1CP – Artifacts of Death: This is your standard 1CP for a relic strat. However, like the Space Marine versions, this is not limited to how many times you may use it, and Ynnari actually have some very good relics! If I have the CP, I will often take 3 if not 4. Competitive
1 / 3CP – Webway Ambush: Here is your Eldar Trickery at work, deepstriking a bike, infantry or beast (why would you take Ynnari beasts?) for 1CP. If you want to deepstrike two such units, it will cost you 3 CP. As always, reserve abilities are very strong, and Ynnari like having access to this. Also, since the name of the strat is different than in other Eldar books, you may use it in conjunction with them even thought he effect is the same. Competitive
1CP – Exalted of Ynnead: Once per game, you may select a Ynnari Character that is not your Warlord and give it a Warlord trait. This is dependent on how good the WL traits are, and there are some fairly good ones in there making this Competitive
2CP – Back from the Brink: I really, really, really want to like this one. Use when Ynnari Infantry or Biker Character (sorry Yncarne) is slain. On a 4+, that model is returned as close as possible, but more than 1″ from enemy units and with d3 wounds left. This sounds pretty good, until you realize you are gambling 2CP on a 50/50. I cannot tell you the number of times I have had to use a CP re-roll and still failed this. It also is often a feel-bad for either player. Either you feel bad burning 3CP with nothing to show, or your opponent feels bad that they worked hard to kill a character and it just pops right back up. I really do not like these strats, and they are in a few books now. To me though, this strat is rarely worth the 3CP you seem to always need for it, although there are a few times it can be worth it. Situational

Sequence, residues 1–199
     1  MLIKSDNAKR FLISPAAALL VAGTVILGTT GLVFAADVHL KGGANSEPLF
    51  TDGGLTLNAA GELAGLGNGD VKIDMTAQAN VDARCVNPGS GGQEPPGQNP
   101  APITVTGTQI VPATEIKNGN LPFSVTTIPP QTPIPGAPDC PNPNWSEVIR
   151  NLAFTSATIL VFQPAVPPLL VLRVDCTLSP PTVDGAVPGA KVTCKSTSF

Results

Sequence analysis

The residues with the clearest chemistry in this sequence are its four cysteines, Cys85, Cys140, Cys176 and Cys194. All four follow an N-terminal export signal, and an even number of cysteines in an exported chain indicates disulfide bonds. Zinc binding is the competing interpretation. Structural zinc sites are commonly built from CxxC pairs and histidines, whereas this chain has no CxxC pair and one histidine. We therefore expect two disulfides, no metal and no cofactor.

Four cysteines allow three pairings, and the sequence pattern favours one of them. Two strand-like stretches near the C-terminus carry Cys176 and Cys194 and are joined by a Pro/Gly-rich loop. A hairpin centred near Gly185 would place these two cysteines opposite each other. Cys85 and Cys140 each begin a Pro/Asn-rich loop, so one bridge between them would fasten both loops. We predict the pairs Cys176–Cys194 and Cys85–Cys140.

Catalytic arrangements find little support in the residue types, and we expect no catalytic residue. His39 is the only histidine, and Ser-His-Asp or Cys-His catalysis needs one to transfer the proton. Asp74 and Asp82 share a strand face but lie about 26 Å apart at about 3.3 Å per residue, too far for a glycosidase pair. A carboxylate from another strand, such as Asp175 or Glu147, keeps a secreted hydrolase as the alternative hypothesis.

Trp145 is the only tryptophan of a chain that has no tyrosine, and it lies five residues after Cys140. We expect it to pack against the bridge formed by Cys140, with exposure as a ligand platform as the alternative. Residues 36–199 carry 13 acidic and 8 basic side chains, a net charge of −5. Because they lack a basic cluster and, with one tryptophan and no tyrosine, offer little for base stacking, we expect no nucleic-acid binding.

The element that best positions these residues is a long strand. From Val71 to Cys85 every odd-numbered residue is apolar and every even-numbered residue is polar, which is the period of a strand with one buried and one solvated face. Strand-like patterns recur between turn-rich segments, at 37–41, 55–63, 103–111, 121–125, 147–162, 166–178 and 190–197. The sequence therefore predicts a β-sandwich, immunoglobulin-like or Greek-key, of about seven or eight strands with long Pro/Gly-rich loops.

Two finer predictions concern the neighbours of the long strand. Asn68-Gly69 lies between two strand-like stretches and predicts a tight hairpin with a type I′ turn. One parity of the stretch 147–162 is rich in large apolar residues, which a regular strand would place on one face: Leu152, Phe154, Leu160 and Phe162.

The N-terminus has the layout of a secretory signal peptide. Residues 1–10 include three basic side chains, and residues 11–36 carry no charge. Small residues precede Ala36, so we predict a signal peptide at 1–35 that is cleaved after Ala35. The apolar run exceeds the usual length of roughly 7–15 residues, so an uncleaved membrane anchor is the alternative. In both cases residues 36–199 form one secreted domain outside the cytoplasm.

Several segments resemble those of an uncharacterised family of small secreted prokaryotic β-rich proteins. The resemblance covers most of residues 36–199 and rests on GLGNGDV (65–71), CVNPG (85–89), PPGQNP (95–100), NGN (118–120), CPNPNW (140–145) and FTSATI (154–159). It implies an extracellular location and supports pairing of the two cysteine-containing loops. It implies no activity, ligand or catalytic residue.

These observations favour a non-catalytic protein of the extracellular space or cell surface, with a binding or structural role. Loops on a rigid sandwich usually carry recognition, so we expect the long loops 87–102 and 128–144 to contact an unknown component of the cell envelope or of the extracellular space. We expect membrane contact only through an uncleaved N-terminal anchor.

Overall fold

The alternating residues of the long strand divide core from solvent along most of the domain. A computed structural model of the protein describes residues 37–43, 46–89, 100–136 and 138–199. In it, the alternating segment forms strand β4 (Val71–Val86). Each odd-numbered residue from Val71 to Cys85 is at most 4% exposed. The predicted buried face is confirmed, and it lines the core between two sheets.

1CP – The Great Enemy: Use in the fight phase vs a Slannesh unit – you may re-roll the wound roll with your designated Ynnari unit. By its very nature of being only vs a single faction, and that there is another 2CP strat version of this – it just kinda feels like the writers got lazy. Situational
1CP – Fire and Fade: Use after a Ynnari unit has fired in the shooting phase, it may then move up to 7″ as if it were the movement phase. It may not advance nor charge this turn if it does so. This is a staple Eldar trick that is very effective. Even with the focus on Close Combat (CC) by Ynnari, they will need some fire support. Dark Reapers moving out to shoot then scurry behind cover is tried-and-true tactic and those CC units can appreciate the SfD activation by the reapers. Competitive
2CP – Deadly Misdirection: A unit may use this when they fall back, allowing them to charge and shoot still this turn. More Eldar trickery! Very useful, and gives a lot of flexibility to your play. Competitive
1CP – Souls of the Strongest: Use this strat when the enemy warlord is destroyed. SfD is permanently activated till the end of the battle. Rarely is this something you build a plan around, and SfD is often not too hard to activate already, but it can be a nice bonus to throw on. Especially in latter turns, when there is not necessarily a lot left to be killed on the board, this can be quite handy. Efficient